River restoration is essential to guarantee access to ecosystem services provided by free-flowing rivers. One mechanism to restore rivers is the decommissioning of run-of-the-river dams, but restoration can create opposition as anthropised landscapes form part of the environmental history and imaginary. To facilitate decision-making, actors' perceptions on ecosystem services for and against dam removal should be considered. We analyse perceptions on ecosystem services at two levels of study in Catalonia (Spain): the Catalan context and two local cases of dam removal in the Ter River Basin. Local case studies illustrate that combining participatory mapping and interviews makes contrasting values conspicuous and contributes to conflict understanding. Additionally, we acknowledge a dichotomy of perceptions between locals and outsiders, and the relevance of cultural values, environmental aesthetics, and history for actors' positioning. We propose the engagement of local stakeholders at the basin level through participatory approaches for the sake of understanding water conflicts, as decision making will rarely achieve social sustainability without local support.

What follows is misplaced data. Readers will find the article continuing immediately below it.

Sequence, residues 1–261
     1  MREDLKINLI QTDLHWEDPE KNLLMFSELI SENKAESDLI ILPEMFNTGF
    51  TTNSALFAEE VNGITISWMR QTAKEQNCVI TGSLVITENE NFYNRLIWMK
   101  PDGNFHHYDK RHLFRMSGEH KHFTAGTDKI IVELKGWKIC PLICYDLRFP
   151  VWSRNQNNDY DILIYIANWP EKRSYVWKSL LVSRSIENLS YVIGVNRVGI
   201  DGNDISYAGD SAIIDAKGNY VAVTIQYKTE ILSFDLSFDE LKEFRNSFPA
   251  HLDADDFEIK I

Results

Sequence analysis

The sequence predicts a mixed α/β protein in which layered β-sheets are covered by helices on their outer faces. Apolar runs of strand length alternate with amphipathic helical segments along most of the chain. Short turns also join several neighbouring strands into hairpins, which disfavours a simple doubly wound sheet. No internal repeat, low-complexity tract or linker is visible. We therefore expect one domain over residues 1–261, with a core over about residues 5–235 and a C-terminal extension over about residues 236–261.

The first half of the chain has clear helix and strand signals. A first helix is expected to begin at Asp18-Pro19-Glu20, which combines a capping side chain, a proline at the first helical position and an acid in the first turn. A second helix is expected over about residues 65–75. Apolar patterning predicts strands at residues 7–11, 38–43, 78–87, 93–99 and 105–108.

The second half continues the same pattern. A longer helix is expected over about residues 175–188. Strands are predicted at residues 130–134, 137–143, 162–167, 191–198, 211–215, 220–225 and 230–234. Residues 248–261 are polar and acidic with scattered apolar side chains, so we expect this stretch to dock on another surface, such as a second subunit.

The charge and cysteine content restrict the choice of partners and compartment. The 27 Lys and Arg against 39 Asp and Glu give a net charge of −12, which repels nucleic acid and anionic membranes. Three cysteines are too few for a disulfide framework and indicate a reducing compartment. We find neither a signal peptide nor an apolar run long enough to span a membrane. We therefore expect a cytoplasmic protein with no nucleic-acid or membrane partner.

|Publication status||Published - 1 Jan 2017|
- Cultural values
- Mediterranean River basins
- Participatory mapping
- Water conflicts